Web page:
Review: 'Venom' a campy comic book throwback

Somewhere, Nic Cage is proud of Tom Hardy's performance in this somewhat deranged misfire

Adam Graham
Detroit News Film Critic
Tom Hardy is Venom in "Venom."

Tom Hardy and Michelle Williams don't so much star in "Venom" as they're held hostage by it.

They're two of our finest actors, with five Oscar nominations between them, and they're stuck here in a second-tier superhero vehicle that doesn't know if it's a villain origin story, a body horror buddy comedy or an unruly effects romp. 

It's a bit of all three, actually. And it's a throwback, intentionally or not, to the days when we didn't take our superhero movies as high art.

"Venom" is quite silly, and benefits from lowered, or at least shifted, expectations. If it's not instantly considered camp — it's not "Catwoman" bad — it could be with time, and Hardy's tick-heavy performance ushers it straight down that path. (In the realm of good actors acting bad, he's on par with Nic Cage in "Ghost Rider.")  

Hardy plays Eddie Brock, an investigative journalist who's looking into the Life Foundation, a bio-medical firm headed by Carlton Drake (Riz Ahmed), a billionaire with a shifty code of ethics.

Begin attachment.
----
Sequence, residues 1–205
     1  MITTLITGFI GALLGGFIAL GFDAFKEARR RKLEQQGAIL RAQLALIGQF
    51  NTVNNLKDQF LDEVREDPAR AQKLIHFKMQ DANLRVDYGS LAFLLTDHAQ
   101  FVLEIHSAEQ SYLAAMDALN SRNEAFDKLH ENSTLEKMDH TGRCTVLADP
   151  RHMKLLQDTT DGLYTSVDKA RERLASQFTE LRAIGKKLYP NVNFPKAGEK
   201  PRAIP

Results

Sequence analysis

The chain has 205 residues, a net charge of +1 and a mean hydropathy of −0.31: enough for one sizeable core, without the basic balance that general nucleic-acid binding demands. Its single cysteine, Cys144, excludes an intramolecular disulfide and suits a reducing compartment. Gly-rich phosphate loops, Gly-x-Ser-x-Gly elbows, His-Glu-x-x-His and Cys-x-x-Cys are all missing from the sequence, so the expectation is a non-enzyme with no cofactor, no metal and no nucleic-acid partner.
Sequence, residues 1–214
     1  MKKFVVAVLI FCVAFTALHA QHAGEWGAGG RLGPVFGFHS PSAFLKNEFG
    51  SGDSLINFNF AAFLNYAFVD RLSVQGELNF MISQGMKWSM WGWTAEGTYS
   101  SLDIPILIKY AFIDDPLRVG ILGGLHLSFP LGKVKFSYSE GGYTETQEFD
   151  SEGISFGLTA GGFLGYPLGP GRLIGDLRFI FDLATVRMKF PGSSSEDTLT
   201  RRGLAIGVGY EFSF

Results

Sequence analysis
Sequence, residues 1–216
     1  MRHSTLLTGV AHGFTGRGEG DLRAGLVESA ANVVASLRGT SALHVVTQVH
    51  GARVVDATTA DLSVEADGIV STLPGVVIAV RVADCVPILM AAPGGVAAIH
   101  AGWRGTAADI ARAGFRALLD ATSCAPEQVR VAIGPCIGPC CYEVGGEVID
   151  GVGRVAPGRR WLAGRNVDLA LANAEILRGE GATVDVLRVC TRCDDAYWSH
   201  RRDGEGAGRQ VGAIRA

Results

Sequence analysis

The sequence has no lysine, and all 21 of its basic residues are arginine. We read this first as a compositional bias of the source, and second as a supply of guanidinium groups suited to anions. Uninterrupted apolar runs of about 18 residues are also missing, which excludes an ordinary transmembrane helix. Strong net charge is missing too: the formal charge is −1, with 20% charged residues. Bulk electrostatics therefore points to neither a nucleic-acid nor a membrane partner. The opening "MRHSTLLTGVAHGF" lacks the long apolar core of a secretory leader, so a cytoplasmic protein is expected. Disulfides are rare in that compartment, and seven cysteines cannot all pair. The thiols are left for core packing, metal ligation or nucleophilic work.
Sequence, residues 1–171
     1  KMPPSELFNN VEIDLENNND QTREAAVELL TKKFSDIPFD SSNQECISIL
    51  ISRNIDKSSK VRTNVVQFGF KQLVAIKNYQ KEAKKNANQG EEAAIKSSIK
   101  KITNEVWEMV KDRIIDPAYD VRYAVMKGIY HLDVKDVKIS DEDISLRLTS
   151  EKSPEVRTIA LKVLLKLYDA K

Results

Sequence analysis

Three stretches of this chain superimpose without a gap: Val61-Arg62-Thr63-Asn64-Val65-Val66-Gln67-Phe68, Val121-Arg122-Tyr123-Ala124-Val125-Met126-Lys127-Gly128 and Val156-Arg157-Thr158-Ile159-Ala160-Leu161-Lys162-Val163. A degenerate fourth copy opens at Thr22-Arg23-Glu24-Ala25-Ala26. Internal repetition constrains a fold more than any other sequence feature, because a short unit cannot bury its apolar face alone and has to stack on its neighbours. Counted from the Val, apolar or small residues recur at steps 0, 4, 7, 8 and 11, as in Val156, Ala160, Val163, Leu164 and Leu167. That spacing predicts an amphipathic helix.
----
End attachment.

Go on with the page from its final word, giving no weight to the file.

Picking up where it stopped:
Life's up to some bad stuff involving splicing alien DNA into humans. While investigating the story, Eddie comes into contact with a strand of black goo that infects his body and turns him into Venom, a 7-foot tall slime-covered monster with a nasty tongue and about 180 teeth.  

Except he's not always Venom, Venom is inside him, and he bickers back and forth with his alter ego, who possesses the ghoulish voice of a haunted house emcee. It's an awkward high-wire act that works better the less seriously it's taken. 

Williams plays Eddie's girlfriend, Anne, and she doesn't have a whole lot to do except stand by as Hardy dives all the way in to his crazed performance. (A scene at a restaurant where Eddie freaks out and cools off in a tank full of lobsters while Anne quite literally looks on stands out.) 

Directed by "Zombieland's" Ruben Fleischer, "Venom" feels like it's been sent through a shredder; the climax arrives suddenly, and the resolution plays like a tacked-on sitcom ending.

The inevitable sequel will hopefully have a better grip on what it's trying to be. But "Venom" feels like it's figuring things out as it goes along and landing in muck every step of the way.




Rated PG-13 for intense sequences of sci-fi violence and action, and for language

Running time: 112 minutes